Affirmation. But from whom?

Affirmation: Definition. a declaration that something is true.

We all appreciate affirmation from others. Confirmation that what we are doing is correct. Reassurance that we are on the right track. It helps our self-confidence, builds our motivation and allows us to take pride in our achievements. In education, it isn’t just pupils who appreciate this affirmation, but teachers and leaders. But whom do we seek reassurance from? And when does it become problematic?

We all hope our young people will value the feedback from a teacher and we hope that the affirmation they receive will buoy them; allowing them to continue to thrive. I recall my primary 1 son telling me excitedly one evening that Mrs McDaid had told him that P1b were the best class in the WHOLE school. Imagine that affirmation for a 6 year old! Positive reinforcement, which if said enough, might just be believed. Fast forward 10 years, and analyse the impact of a teachers’ encouraging words on a 16 year old. Is this affirmation still sought, and if so, is it just as influential?

I would argue that it most definitely can be, but only where a positive relationship has been built up and the conditions for receiving feedback have been well-established. And the converse of this is true. Where the relationship hasn’t been nurtured; where there isn’t trust or respect between learner and teacher, there is very little chance that the affirmation will be sought or indeed land with the intent desired.

Likewise, where affirmation of a particular negative trait of a pupil is shared with them, intentionally or unintentionally, this can have hugely damaging and detrimental impact. Especially if this is reinforced by others. Additionally, there often exists a tension between the affirmation from a teacher and the endorsement from peers. During adolescence this is a hugely challenging conundrum. How as teachers do we ensure learners are more interested in the stamp of approval from their teacher, than pleasing their peers? Creating a school or classroom culture where success, achievement and learning is celebrated and the social norm is to be motivated to learn, seeking affirmation from teachers goes some way to support this.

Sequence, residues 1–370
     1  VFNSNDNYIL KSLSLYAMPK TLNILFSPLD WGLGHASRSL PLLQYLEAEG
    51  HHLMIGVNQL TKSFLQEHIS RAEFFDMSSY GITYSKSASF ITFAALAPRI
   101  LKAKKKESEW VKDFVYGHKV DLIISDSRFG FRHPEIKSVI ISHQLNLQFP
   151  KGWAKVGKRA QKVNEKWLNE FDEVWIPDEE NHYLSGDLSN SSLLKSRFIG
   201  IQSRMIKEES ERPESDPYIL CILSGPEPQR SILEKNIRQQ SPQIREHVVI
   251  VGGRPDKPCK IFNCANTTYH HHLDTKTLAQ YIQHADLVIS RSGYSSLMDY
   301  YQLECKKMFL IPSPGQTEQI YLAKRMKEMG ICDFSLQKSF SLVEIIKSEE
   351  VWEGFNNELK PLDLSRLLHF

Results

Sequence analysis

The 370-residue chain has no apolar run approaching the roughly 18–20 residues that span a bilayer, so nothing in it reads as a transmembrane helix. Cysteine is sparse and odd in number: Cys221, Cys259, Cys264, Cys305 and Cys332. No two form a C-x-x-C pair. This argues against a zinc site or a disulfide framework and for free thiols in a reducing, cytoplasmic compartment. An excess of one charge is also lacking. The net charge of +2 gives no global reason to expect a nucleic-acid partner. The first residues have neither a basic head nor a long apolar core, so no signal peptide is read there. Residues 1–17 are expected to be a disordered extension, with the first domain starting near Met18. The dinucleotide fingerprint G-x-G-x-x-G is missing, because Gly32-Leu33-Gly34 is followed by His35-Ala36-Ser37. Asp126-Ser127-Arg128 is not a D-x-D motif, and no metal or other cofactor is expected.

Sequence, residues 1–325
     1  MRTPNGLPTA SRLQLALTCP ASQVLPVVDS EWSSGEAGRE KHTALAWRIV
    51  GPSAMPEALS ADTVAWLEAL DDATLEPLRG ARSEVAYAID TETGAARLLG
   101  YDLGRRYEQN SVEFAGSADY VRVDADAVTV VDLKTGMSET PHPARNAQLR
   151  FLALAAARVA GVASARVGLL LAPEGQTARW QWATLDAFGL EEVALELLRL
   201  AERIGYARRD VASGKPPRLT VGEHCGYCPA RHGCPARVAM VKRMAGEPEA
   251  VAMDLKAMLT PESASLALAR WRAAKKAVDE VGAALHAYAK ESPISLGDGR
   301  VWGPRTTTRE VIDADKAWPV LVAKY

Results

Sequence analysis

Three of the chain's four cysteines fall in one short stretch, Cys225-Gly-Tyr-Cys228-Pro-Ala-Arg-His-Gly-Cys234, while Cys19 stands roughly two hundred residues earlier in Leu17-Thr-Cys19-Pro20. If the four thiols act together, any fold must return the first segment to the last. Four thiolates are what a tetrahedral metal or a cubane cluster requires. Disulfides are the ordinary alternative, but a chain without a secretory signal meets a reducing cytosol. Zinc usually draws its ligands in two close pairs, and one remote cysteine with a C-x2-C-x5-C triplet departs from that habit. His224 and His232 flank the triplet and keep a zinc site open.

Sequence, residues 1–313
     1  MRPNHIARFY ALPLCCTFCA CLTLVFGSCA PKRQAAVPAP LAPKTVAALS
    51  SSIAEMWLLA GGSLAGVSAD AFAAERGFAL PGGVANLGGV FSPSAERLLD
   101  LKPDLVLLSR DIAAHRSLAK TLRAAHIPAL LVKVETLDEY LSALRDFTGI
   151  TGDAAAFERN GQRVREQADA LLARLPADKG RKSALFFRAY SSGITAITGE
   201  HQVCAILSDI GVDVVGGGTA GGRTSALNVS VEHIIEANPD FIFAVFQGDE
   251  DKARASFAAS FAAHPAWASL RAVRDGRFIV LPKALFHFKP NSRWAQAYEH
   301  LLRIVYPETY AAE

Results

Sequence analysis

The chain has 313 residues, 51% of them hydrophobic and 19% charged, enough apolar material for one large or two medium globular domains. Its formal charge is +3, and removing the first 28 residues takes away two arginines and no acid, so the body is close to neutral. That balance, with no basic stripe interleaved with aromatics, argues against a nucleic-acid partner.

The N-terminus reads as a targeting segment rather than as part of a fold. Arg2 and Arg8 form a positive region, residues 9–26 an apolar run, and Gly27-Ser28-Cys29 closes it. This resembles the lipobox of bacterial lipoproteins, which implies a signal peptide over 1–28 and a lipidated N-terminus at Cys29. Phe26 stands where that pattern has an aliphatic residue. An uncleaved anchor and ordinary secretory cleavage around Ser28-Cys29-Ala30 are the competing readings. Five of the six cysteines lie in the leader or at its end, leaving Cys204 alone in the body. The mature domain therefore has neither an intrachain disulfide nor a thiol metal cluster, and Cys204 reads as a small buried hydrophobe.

Teachers often seek affirmation too. From our students. From our colleagues. From our principal teacher. From leadership. From parents. Think back to being a student teacher and receiving affirmation from a mentor after an observed lesson. Positive comments on the lesson can be a real confidence boost. But how worthwhile is it, in helping teachers move forward? The feedback, needs to be directive and honest, and as a result is more likely be a real catalyst for improvement rather than an affirmation of the status quo. As Kim Scott discusses in ‘Radical Candour,’ ruinous empathy may be the positive affirmation we crave, because in the short term it massages our ego. But in order for affirmation to be challenging and productive, we need words which which are honest and true, yet which are caring and compassionate.

And it’s important to recognise that affirmation comes in many different guises. It may not be a professional conversation. Instead it may be the reassurance of positive behaviour or pupil engagement in learning. Exam results may provide some sense of affirmation that pupils have performed as predicted. The ethos within a classroom. Parental comments. Inspection reports. League tables. But like everything, affirmation from outwith comes with a health warning.

‘’Affirmation from others should be a supplement to our self-worth, not the basis for it. When the opinions of others hold too much power in our lives, our worth becomes dependent on how they perceive us. We could end up at the mercy of others’ opinions to maintain a positive self-image. Read more here

So we need to be careful of how we receive affirmation. Important as it is, we can’t let it become the be all and end all. Especially if our sole purpose becomes the affirmation from others. It’s often the case that negative feedback is ill-informed and lacks context. Is it truly affirmation if it is not accurate, and instead a perceived reality of others? We need to examine what is affirming and what is not. What might be accurate and therefore provide something we can learn from, and what needs to be brushed off?

In the age of social media, anyone can pass comment on a school without direct experience. Therefore, it’s important to call out when we recognise ignorance and react in a dignified way, because it can be detrimental to the whole school community. Remember, say it enough and they’ll believe it. Positive or negative.

The people who really know what is best for a school are those who are part of it – pupils, teachers, leaders and parents are those who can truly affirm the school experience. They live and breathe it. So let’s all assume the positive, in the affirmations we give and receive.

Have a great week.

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